In Japan, we have Obon Buddhist annual event. The purpose is to welcome our ancestors’ spirits that are believed to return to our families. Commonly, companies or shops are closed during the Obon period same as Easter.
Let’s focus on Obon in detail!
What is Obon?
Obon is a summer event to welcome the spirits of ancestors observed from August 10 to 15, or in some areas have different period. Commonly, companies or shops are closed during the Obon period which is regarded as National Holidays.
Usually, we conduct events to welcome the spirits of ancestors such as Buddhist memorial service, visiting to a grave or cleaning a graveyard.
The History of Obon
Although it’s not sure when Obon is started, it is said that Obon is derived from the Urabon, a Buddhist terminology and observed to perform religious services for ancestors from old times.
Urabon is a Buddhist even to perform religious services for ancestors and pray for the deceased.
Usually, Obon is observed from August 10 to 15 through, in some areas have different period.
To take an example, it is usually observed from July 13 to 16 in Okinawa or some parts of Kagoshima. This is because of the difference between old lunar calendar and new solar calendar the period is based on.
Since the Obon period has not been integrated even within Japan, you may feel vague. However, it can be unique customs of Japan which has cultural diversity by region.
Osonae (Food Offerings) for Obon
We have a habit to offer foods (called Osonae) to our ancestors during Obon. The typical Osonae is as follows.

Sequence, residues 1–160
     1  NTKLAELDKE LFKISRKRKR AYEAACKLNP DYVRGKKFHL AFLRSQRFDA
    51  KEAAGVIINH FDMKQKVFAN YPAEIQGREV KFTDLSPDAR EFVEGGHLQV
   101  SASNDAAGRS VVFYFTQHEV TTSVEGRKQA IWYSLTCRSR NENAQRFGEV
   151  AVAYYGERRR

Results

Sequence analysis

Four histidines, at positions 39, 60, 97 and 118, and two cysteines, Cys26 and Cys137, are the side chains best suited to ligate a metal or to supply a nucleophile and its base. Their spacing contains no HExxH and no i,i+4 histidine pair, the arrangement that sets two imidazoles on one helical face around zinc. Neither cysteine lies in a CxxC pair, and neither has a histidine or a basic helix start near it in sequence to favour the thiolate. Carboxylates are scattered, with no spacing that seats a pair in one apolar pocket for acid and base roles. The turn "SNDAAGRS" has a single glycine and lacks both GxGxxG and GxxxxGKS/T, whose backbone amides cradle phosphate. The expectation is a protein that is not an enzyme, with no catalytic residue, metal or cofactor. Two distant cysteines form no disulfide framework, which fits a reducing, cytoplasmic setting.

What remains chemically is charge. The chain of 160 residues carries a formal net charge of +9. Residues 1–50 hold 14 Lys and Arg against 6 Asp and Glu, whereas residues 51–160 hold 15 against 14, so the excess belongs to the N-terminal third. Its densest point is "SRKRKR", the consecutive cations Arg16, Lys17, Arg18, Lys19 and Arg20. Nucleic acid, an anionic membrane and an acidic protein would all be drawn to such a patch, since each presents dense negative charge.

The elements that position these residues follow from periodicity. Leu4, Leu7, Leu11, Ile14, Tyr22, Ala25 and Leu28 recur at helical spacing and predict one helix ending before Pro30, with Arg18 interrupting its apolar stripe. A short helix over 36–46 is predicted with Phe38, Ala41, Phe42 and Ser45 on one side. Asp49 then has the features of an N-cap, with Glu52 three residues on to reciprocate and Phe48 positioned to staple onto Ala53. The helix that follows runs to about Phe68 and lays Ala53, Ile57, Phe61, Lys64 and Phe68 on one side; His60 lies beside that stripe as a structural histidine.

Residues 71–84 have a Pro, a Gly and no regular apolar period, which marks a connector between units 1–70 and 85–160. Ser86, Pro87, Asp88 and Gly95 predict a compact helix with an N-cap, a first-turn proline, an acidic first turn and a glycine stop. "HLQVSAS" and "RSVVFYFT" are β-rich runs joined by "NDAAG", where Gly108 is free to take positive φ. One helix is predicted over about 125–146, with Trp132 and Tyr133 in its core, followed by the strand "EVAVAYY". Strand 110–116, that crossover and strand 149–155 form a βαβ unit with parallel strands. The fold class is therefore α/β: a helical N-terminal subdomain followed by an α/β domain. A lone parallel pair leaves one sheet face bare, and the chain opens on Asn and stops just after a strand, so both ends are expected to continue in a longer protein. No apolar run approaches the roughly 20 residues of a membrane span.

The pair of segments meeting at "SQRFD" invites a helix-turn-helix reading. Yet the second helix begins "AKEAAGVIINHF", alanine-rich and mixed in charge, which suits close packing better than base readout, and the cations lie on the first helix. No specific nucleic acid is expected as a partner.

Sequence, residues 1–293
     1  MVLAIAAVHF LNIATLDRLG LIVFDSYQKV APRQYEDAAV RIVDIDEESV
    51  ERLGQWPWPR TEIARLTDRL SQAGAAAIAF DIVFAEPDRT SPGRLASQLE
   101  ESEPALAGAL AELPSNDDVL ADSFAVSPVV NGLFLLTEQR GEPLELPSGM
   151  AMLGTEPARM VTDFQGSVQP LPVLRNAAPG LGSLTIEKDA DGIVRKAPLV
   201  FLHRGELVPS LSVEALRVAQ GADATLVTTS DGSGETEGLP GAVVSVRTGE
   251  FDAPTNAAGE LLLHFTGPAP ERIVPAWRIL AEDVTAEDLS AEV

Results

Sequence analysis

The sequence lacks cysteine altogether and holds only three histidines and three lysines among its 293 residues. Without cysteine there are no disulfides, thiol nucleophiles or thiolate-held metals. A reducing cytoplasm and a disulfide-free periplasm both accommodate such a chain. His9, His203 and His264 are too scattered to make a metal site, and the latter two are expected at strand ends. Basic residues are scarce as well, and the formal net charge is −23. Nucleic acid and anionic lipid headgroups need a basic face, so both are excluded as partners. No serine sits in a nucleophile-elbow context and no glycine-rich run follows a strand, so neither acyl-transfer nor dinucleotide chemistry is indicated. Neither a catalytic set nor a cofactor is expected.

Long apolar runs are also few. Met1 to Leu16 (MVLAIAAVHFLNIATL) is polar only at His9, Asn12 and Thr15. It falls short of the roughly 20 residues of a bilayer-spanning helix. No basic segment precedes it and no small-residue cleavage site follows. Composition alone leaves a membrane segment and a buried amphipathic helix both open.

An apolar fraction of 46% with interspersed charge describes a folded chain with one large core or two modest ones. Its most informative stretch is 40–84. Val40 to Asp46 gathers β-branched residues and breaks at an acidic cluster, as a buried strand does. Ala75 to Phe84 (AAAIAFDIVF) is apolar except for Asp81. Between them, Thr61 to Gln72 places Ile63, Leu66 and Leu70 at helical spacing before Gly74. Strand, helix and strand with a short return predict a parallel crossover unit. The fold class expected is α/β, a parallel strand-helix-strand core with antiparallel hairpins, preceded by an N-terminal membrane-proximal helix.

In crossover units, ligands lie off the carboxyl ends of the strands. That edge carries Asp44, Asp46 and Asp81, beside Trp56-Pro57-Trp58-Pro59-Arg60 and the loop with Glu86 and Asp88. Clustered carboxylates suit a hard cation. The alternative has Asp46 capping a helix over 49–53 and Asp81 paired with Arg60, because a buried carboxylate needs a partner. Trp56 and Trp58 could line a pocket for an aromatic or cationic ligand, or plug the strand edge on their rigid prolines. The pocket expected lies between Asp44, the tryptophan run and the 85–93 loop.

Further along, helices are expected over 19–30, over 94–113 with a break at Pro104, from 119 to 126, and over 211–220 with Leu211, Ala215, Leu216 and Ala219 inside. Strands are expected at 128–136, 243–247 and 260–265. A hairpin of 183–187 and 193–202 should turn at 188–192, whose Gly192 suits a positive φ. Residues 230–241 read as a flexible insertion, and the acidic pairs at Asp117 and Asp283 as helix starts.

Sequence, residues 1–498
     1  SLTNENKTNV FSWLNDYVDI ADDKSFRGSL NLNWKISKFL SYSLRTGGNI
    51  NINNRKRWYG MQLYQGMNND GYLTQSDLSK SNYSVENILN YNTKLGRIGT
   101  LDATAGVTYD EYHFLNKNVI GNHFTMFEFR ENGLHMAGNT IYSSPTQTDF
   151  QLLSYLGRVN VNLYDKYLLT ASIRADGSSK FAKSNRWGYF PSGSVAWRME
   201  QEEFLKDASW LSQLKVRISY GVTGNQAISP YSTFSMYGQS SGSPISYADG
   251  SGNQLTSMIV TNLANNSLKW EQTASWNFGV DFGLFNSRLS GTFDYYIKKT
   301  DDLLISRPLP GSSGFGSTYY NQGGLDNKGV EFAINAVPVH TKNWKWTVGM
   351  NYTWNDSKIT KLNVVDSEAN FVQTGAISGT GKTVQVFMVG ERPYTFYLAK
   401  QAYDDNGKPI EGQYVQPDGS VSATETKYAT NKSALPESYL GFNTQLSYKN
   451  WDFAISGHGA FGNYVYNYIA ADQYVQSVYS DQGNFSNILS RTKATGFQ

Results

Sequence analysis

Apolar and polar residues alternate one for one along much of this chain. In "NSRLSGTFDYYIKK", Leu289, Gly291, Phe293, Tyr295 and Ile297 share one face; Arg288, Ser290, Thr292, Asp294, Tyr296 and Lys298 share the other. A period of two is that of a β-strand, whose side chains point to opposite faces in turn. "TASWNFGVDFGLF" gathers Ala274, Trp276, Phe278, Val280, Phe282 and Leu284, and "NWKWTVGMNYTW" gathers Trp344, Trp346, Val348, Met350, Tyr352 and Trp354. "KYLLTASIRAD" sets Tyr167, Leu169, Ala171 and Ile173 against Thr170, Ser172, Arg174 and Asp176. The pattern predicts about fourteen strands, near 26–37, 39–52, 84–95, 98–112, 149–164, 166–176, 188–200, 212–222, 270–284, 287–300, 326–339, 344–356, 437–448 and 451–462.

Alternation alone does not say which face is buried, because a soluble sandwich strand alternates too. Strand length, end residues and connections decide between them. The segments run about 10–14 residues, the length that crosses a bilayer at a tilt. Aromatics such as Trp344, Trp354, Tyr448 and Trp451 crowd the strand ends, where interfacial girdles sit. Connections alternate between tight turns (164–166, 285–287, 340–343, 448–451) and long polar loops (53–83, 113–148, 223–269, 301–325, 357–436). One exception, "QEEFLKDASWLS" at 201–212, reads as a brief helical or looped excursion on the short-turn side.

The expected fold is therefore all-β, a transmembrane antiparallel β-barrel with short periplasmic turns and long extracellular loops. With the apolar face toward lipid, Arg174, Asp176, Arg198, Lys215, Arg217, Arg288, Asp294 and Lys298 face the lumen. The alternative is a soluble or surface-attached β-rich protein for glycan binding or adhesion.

Ohagi (Sticky Rice Cake Coated in Smashed Sweet Beans)
Ohagi is believed to drive away evil since it has sticky rice connected with good harvest and sweet beans connected with amulets. Being believed to bring luck, it is offered to ancestors.
It is said that Osonae which has been offered in such as Buddhist altar should be eaten soon after offerings. It is because that eating Osonae itself also contribute to holding a memorial service since Buddha bestow it as a bringer of good luck.
We generally call the food bestowed by Buddha Osagari.
Dango is also one of the typical Osonae.
Why Dango has been offered since a very long time ago? The background tells us that Dango is easy to handle. Why Dango has been preferred as offerings? It’s supposed to easy in order for ancestors to eat. However, it’s because Dango has a long shelf life and is easy for us to handle or carry it actually.
Shoryoma (Conveyance for the Spirits of the Deceased)
Shoryoma is animal figures made from a cucumber and an eggplant. It has a role of conveyance used by the spirits of the deceased to come and go between this world and the another world.
It’s very easy to make the Shoryoma. Just stick wooden skewers through cucumbers or eggplants to make it look like a horse.
It’s commonly disposed without eating after offerings. There are several method to dispose of Shoryoma. For instance, disposing as general waste after sprinkling salt for purification, burying in the ground, or bringing it to temples for requiem services.
Somen (Fine Noodles)
Somen is generally offered with Shoryoma as it has a role of reins when ancestors ride it.
Let’s eat the Somen with family members after offerings as Osagari (hand-me-downs) from ancestors.
Tempura (Deep-Fried Food)
In some places such as Shinshu or Tohoku, they have custom to offer Tempura during the Obon period.
Why they offer Tempura? It’s not sure, but the following is one of the explanations for that. Shojin Ryori (Traditional Japanese Buddhist Cuisine) are generally served during Obon period. Since Shojin Ryori consumes a lot of vegetables, they need to make use of vegetables. So, they came to serve Tempura made with vegetables.
Obon can be called Japanese Easter
Obon, a Japanese traditional event is also holidays for many Japanese. It’s something like Easter in Europe and America.
If you would like to travel in Japan during the Obon period, please take thought for bad traffic jams or an availability at hotels since Japan is full of tourists during this period.
This article was originally published in July 2022. It has been updated in July 2023.